A high-yield prokaryotic expression system has been developed for PKR, and PKR has been purified using three chromatography steps on Agarose-Heparin, Agarose-Poly (I), Poly (C) and Sephacryl S-200 gel filtration columns. After the last step, PKR-containing column fractions were pooled and concentrated using Amicon Ultra-15 30K NMWL devices. The concentration step was necessary for long-term protein storage. Table 1.5 shows the protein recovery results obtained after four concentrations. Over 90% recovery was obtained and no protein loss to the filtrate was observed

Amicon Ultra-15 30K NMWL devices were also used for exchanging buffer for PKR autophosphorylation (activation) assay. 200 µL of 6.301 mg/mL PKR in Protein Storage buffer (20 mM HEPES, 1 M NaCl, 10 mM b-mercaptoethanol, 0.1 mM EDTA, 10% glycerol, pH 7.5) was diluted to 15 mL with Phosphorylation Buffer (20 mM HEPES, 50 mM Kcl, 5 mM MgCl2, 0.1 mM EDTA, 1 mM DTT, pH 7.5) and re-concentrated three times using Amicon Ultra devices at 3000 x g for 20 minutes at 4 °C. The filtrates from the three steps were pooled and the total amount of protein in all samples was determined by UV absorption A280.

Protein activity was tested by autophosphorylation assay. The protein in the storage buffer was supplemented with 5 mM MgCl2 and the samples were allowed to undergo autophosphorylation at 30 °C for 20 minutes in the presence of 3 mM ATP and 3 µCi [y32P] ATP. The activity was determined by autoradiography and quantified by liquid scintillation counting. As shown in Figure 1.2, the activity of PKR when no buffer exchange was only 6% of that when buffer exchange step was performed. Hence, the UF successfully exchanged the buffer while maintaining the activity of the protein.

References

1.Samuel CE. Antiviral actions of interferon. Interferon-regulated cellular proteins and their surprisingly selective antiviral activities. Virology 1991;183(1):1–11.
2.Hovanessian AG. The double stranded RNAactivated protein kinase induced by interferon: dsRNA-PK. J Interferon Res 1989;9(6):641– 7.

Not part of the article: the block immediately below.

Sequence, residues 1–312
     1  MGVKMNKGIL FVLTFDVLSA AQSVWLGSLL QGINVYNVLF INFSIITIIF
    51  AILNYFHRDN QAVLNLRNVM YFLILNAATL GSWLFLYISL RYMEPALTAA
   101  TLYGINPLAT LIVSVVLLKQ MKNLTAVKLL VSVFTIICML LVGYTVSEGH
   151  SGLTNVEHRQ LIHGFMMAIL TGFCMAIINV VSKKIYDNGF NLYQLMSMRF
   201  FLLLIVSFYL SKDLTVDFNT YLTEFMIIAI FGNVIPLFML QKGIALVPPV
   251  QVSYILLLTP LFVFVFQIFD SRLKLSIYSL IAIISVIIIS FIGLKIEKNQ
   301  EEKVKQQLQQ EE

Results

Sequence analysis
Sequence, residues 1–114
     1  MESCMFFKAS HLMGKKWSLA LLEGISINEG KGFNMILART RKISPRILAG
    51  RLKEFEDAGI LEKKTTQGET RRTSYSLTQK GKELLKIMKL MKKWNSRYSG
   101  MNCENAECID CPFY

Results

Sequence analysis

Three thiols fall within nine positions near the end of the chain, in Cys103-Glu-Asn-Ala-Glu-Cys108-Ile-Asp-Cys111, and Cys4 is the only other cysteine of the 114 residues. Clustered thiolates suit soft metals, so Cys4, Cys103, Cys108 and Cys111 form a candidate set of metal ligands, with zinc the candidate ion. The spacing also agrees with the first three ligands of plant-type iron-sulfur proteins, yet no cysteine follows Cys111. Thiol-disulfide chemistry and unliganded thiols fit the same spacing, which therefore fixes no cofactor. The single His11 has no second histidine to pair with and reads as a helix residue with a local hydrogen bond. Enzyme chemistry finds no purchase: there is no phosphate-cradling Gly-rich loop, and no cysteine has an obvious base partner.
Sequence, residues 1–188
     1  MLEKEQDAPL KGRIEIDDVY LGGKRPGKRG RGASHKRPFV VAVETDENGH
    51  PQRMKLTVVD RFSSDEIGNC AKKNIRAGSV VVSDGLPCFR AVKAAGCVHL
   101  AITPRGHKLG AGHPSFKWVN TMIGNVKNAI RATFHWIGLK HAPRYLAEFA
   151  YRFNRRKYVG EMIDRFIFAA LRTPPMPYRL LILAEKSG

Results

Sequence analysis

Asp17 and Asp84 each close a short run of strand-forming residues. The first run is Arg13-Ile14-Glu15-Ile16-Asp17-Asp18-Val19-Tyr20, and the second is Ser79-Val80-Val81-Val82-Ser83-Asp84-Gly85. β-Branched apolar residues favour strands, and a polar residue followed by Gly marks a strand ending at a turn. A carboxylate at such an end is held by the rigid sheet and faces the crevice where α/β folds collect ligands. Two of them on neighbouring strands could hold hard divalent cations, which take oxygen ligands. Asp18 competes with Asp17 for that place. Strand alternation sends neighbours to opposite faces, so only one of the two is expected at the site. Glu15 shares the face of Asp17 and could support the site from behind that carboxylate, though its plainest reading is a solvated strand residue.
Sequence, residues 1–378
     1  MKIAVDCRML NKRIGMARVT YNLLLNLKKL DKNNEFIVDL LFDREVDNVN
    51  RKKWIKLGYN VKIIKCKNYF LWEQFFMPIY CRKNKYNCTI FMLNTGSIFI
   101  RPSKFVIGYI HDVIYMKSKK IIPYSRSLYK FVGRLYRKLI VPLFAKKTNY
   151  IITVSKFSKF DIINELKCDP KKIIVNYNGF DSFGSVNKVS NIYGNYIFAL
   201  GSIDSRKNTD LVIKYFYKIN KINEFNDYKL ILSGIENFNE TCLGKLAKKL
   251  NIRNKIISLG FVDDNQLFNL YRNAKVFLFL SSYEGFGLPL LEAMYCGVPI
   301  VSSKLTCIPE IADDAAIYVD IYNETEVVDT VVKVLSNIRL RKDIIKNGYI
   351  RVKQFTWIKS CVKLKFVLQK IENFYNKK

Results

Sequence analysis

3.Lebleu B, et al. Interferon, double-stranded RNA, and protein phosphorylation. Proc Natl Acad Sci USA 1976;73(9):3107–11.
4.Samuel CE. Mechanism of interferon action: phosphorylation of protein synthesis initiation factor eIF-2 in interferon-treated human cells by a ribosome-associated kinase processing site specificity similar to hemin-regulated rabbit reticulocyte kinase. Proc Natl Acad Sci USA 1979;76(2):600–4.
5.Koromilas AE, et al. Malignant transformation by a mutant of the IFN-inducible dsRNA-dependent protein kinase. Science 1992;257:1685–9.
6.Meurs E, et al. Tumor supressor function of interferon-induced double-stranded RNA activated protein kinase. Proc Natl Acad Sci USA 1993;90:232–6.
7.Wong AH, et al. Physical association between STAT1 and the interferon-inducible protein kinase PKR and implications for interferon and doublestranded RNA signaling pathways. EMBO J, 1997;16(6):1291–304.
8.Cuddihy AR, et al. Double-stranded-RNAactivated protein kinase PKR enhances transcriptional activation by tumor suppressor p53. Mol Cell Biol 1999;19(4):2475–84.
9.Demarchi F, Gutierrez MI, Giacca M. Human immunodeficiency virus type 1 Tat protein activates transcription factor NF-kappaB through the cellular interferon-inducible, double-stranded RNA-dependent protein kinase, PKR. J Virol 1999; 73(8):7080–6.
10.Petryshyn R, et al. Effect of interferon on protein translation during growth stages of 3T3 cells. Arch Biochem Biophys 1996;326(2):290 –7.
11.Barber GN. Host defense, viruses and apoptosis. Cell Death Differ 2001;8(2):113–26.
12.Tan SL, Katze MG. The emerging role of the interferon-induced PKR protein kinase as a apoptotic effector: A new face of death? J Interferon Cytokine Res 1999;19:543–54.
13.Balachandran S, et al. Activation of the dsRNAdependent protein kinase, PKR, induces apoptosis through FADD-mediated death signaling. EMBO J, 1998;17(23):6888–902.
14.Osman F, et al. A cis-acting element in the 3'-untranslated region of human TNF-alpha mRNA renders splicing dependent on the activation of protein kinase PKR. Genes Dev 1999;13(24):3280–93.